And then, in what is either a case of suspicious timing or punishment for speaking out, Robinson was told by Veterans Affairs that his Annual Declaration of Disability Benefit Form was “never received.”

This form is something that disabled Veterans must fill out every year to continue to be eligible for benefits. If it’s not received, benefits get cut off. Robinson is clear that he sent the forms, and says Veterans Affairs claims that they sent phone calls and a letter about it not being received are false, since he received no letter or calls from them.

As a result, his $136.67 VAC pension was suspended in June.

While VAC claims it will be re-instated, it’s very disturbing that it was taken in the first place, and there’s good reason to doubt any promises made by VAC until it actually happens.

Disturbing timing

While it can’t be known for certain whether Robinson’s pension benefits were taken because he brought attention to possible misspending by VAC on pharmaceutical drugs, the timing is certainly disturbing, and it fits with a disturbing pattern of Canadian Veterans being systematically mistreated by the institution that is supposed to be supporting them. This has happened under many governments, including Harper and Trudeau – despite their promises to improve things.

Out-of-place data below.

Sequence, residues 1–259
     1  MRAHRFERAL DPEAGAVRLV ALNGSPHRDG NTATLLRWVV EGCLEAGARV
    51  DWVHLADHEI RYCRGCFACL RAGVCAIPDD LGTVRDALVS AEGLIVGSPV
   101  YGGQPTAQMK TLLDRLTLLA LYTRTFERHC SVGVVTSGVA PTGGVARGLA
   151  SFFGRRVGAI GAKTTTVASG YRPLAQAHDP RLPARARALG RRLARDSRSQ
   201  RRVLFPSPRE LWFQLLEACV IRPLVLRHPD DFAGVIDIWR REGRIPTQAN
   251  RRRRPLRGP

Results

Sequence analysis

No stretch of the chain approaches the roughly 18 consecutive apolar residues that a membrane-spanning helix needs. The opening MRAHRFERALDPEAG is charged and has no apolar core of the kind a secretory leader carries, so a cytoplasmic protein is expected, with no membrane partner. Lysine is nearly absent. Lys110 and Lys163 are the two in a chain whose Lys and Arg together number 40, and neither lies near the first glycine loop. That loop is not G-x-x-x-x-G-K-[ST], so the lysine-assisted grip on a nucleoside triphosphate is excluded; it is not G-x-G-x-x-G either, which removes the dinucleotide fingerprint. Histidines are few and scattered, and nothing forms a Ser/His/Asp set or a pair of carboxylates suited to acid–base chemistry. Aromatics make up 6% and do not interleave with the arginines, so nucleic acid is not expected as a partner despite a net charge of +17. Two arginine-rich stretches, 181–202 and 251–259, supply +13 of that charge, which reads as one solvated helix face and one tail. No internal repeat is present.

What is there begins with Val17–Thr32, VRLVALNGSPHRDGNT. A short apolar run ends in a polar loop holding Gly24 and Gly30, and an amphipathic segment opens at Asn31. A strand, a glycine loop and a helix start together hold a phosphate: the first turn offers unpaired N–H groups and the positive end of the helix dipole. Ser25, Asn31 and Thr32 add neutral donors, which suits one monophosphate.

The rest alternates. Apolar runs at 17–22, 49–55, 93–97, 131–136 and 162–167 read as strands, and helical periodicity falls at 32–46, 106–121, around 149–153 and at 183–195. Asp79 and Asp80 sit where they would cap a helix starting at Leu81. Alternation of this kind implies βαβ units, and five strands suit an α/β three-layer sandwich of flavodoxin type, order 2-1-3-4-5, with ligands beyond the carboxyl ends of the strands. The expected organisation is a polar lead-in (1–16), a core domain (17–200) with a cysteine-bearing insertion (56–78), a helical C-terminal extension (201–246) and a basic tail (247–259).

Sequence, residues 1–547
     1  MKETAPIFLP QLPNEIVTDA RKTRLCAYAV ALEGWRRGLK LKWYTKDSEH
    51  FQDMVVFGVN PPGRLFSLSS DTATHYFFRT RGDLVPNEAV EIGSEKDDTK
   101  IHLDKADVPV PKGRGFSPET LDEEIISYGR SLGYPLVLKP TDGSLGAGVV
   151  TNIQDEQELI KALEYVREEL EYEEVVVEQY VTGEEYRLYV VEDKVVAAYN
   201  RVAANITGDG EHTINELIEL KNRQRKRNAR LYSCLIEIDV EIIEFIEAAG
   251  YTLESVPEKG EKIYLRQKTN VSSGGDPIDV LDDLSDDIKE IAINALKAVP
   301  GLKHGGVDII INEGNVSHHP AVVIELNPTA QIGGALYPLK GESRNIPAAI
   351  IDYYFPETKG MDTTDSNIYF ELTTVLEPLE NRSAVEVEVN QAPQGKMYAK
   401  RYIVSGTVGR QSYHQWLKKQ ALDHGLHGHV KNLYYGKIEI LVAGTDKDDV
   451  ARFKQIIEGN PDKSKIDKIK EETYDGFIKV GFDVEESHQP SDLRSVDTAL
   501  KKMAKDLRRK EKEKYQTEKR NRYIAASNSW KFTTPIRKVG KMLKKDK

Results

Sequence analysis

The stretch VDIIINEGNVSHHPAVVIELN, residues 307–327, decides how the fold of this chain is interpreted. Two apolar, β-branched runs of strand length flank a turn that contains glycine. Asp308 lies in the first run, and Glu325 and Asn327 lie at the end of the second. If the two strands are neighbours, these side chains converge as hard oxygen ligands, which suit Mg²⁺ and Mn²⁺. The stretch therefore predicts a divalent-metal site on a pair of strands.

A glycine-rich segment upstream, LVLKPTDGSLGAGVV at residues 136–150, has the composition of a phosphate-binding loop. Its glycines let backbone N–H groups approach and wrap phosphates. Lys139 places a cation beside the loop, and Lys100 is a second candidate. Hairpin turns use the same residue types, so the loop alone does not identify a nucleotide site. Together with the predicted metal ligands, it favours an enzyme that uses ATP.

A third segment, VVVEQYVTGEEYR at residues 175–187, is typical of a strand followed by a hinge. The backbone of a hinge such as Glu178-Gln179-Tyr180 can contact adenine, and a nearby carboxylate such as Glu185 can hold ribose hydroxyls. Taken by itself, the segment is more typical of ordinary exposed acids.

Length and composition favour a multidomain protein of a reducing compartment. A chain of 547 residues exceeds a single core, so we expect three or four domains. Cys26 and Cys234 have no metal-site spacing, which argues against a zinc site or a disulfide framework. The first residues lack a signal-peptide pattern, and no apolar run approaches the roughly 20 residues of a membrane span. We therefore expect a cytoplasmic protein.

This must change. When our country asks people to serve our nation, they must know that they will be treated with the respect they have earned, and will be given support when they are injured in service to Canada. For far too long that support hasn’t been there, and VAC has been focused on pinching pennies instead of supporting Canada’s Veterans. Until that changes, it remains a disgraceful stain upon our country.

Jeffrey Robinson, and all Canadian Veterans deserve far better.

Spencer Fernando

5 comments Add yours
  1. It is a shame, very shameful. I believe that the timing is no accident. He should receive a pension retroactively and receive apologies.

  2. How often are our veterans kept from real justice by the weight of process in an office or system? I would say it is beyond disgraceful, and needs to stop.

  3. Always send important application to the any branch of government by REGISTERED MAIL OR EXPRESSPOST. You keep a photocopy of the application and the Canada Post certificate proving the item was delivered.

  4. I think it’s less about penny-pinching, & more about some of the people working with Veteran Affairs using it like their own little reward system.
    My sister’s ex-husband receive tax-free payments for doing yardwork, housework & snow clearing, for years.
    Under the program that is supposed to help veterans stay in their own homes upon retirement, all they have to do is send in a list of how much they paid to have this work done.
    They then sent out a check in th eamounts allowed under the program, and my father would sign this over to the free-loader ( who never did the work. One of my other sisters & I would clean & cook for him, his next door neighbor snow-blowed his driveay & walk for free in the winter, & my other sister mowed his lawn in exchange for him buying her a lawnmower)
    And I think this sort of thing is quite common.
    If someone is doing work for a veteran, they should be declaring the amount they receive on their income taxes- people who babysit, earn tips, or work in other service jobs that are able to get extra, hard-to-trace income, are expected to pay taxes on their earnings.
    Isn’t this simply a way to help shysters ?